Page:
African boy making a cat's cradle


IJR peacebuilding team

Over the last four years, the Institute for Justice and Reconciliation (IJR) in South Africa has been leading a project aimed at narrowing the gap between the fields of mental health and psychosocial support (MHPSS) and peacebuilding (PB). This project is centred on the premise that war, conflict and oppression have a significant but often under-acknowledged impact on human beings which in turn weakens the social fabric that governs relationships, the capacity for recovery and the opportunities for reconciliation. In the aftermath of conflict, the causes of conflict often remain and continue to foster mistrust and fear. The work of both MHPSS professionals as well as peacebuilders aims ultimately to restore the social fabric that binds and supports people within their communities as a way of disrupting cycles of violence and building sustainable peace. While each field has different ways of achieving its goals; there exist significant overlaps. However, the two fields work mostly in isolation from one another. This project seeks to develop new and innovative ways of integrating MHPSS and PB to develop sustainable long-term solutions.

If you’d like to know more about this project, please read ‘Making the case for psychosocial peacebuilding: A new model to strengthen social fabric:

About this project

In 2015 an International conference was jointly organised by the South African Institute for Justice and Reconciliation (IJR) and the Netherlands-based War Trauma Foundation (WTF) titled ‘Healing communities, transforming society: Exploring the interconnectedness between psychosocial needs, practice and peacebuilding’, aimed at assessing whether and how the fields of mental health and psychosocial support (MHPSS) and peacebuilding (PB) are, or should be, integrated. The conference built on the March 2014 Special Section of the journal Intervention guest edited by Brandon Hamber and Elizabeth Gallagher titled ‘Peacebuilding and psychosocial work’.

Taking up the findings in the Special Section as well as the recommendations that emerged from the conference, IJR and WTF have since conducted a systematic literature review and a mapping exercise of global practice while also reaching out and building, throughout this period, relationships with academics and practitioners working in both fields and who are interested in narrowing the gap. Findings from these processes provide rich evidence that by and large, MHPSS and PB practitioners operating in post-conflict contexts acknowledge that an integrated approach is needed in order to interrupt cycles of violence, prevent trauma-informed responses and achieve sustainable peace, while also enhancing MHPSS in affected communities.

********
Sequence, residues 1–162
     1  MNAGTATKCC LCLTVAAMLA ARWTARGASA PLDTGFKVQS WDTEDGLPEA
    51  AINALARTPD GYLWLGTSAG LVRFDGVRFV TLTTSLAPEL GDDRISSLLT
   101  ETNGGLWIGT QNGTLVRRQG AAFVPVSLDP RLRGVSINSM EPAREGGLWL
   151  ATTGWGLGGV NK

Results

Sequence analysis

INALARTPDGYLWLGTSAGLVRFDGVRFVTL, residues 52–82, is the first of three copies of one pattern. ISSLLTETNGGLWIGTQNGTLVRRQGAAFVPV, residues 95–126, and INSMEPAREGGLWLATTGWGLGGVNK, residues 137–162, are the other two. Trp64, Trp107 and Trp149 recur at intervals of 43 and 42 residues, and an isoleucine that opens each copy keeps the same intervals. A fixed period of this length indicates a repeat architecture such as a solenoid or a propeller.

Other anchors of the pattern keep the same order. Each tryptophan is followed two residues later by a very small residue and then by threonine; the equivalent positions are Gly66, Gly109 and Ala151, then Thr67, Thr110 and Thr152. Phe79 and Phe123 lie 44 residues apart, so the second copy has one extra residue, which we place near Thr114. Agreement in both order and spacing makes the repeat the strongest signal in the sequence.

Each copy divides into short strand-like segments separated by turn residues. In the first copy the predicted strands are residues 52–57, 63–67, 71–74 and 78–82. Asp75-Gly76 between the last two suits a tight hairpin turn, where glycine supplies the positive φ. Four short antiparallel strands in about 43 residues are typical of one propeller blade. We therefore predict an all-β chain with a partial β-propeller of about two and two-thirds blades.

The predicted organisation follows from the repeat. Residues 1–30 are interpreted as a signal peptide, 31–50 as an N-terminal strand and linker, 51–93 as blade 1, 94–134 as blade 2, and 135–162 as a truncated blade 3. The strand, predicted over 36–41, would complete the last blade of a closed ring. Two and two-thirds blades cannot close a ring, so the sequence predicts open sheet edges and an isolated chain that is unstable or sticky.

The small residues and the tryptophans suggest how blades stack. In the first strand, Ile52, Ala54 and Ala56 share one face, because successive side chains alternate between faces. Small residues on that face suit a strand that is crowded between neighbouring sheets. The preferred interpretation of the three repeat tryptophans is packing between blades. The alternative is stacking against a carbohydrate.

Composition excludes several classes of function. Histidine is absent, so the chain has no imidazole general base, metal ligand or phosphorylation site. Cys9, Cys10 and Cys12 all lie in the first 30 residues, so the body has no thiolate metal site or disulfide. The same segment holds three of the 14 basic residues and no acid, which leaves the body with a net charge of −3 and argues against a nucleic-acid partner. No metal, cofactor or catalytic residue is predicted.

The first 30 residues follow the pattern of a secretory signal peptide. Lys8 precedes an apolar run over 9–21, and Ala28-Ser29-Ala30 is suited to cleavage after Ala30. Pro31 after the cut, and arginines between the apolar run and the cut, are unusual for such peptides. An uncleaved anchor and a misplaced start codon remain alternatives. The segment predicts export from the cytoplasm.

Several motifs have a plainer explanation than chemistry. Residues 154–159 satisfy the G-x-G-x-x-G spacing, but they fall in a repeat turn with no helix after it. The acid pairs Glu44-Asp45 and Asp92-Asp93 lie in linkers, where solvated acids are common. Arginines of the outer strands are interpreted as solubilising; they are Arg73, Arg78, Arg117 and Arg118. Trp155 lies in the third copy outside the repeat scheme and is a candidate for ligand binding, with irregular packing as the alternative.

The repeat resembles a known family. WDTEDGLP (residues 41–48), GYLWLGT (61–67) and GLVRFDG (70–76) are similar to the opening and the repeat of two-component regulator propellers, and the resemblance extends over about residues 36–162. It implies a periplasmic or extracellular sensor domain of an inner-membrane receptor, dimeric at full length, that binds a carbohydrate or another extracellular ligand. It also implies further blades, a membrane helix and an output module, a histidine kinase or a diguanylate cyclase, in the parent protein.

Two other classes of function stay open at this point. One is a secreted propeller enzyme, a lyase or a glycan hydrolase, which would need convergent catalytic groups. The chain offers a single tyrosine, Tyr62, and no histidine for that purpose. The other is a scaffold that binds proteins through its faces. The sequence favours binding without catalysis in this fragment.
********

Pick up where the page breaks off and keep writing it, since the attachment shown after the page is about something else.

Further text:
Find out more

Should you want to find out more about this work, feel free to email the project coordinator Ms Friederike Bubenzer (IJR) 

This page is intended to share information about and insights gained throughout this project.

The Coordination Team



2015 Conference Report

Healing Communities, Transforming Society Exploring the interconnectdeness between psychosocial needs, practice and peacebuilding

Download here

No peace without peace of mind: The impact of violent conflict on individuals and society

Many people encounter traumatic events in their lifetime, particularly those living in contexts of war or violent conflict. It is estimated that about 22% of people who live in conflict-affected areas of the world live with a mental health condition, such as depression, anxiety or post-traumatic stress disorder. Of these, 9% have moderate-to-severe conditions. These findings come from an analysis of data from 129 studies presented in the renowned medical journal Lancet and covers 39 countries that have experienced conflicts in the last decade.

Download the article

Coming Together: Mental Health and Psychosocial Support in Peacebuilding

Within the fields of research and practice of peacebuilding and mass violence prevention, societal and individual mental health is often overlooked, yet remains a critical area for further partnership, analysis, and evidence-based policy integration.

Download here

blog 22017 Mapping Study

Healing communities, transforming society Mental health, psychosocial support and peacebuilding

Download here

2017 Literature Review

Achieving Sustainable Peace through an Integrated Approach to Peacebuilding and Mental Health and Psychosocial Support: A review of current theory and practice

Download here

Intervention Journal

Special Issue Intervention Peacebuilding and Psychosocial work

Download here

Videos Webinar: “Co-creating a Collaborative Approach to Peacebuilding and MHPSS”

Webinar held on 28th November 2018

Trauma and Peacebuilding: How Well Are Peacebuilders Responding to Conflict’s Impact on the Mental Health of Individuals and Communities?

An event hosted by the Alliance for Peacebuilding and Generations for Peace, December 2019

Integrating Peacebuilding and mental Health and Psychosocial Support

An event co-hosted by, TPO Uganda and IJR, December 2019

2015 MHPSS and PB conference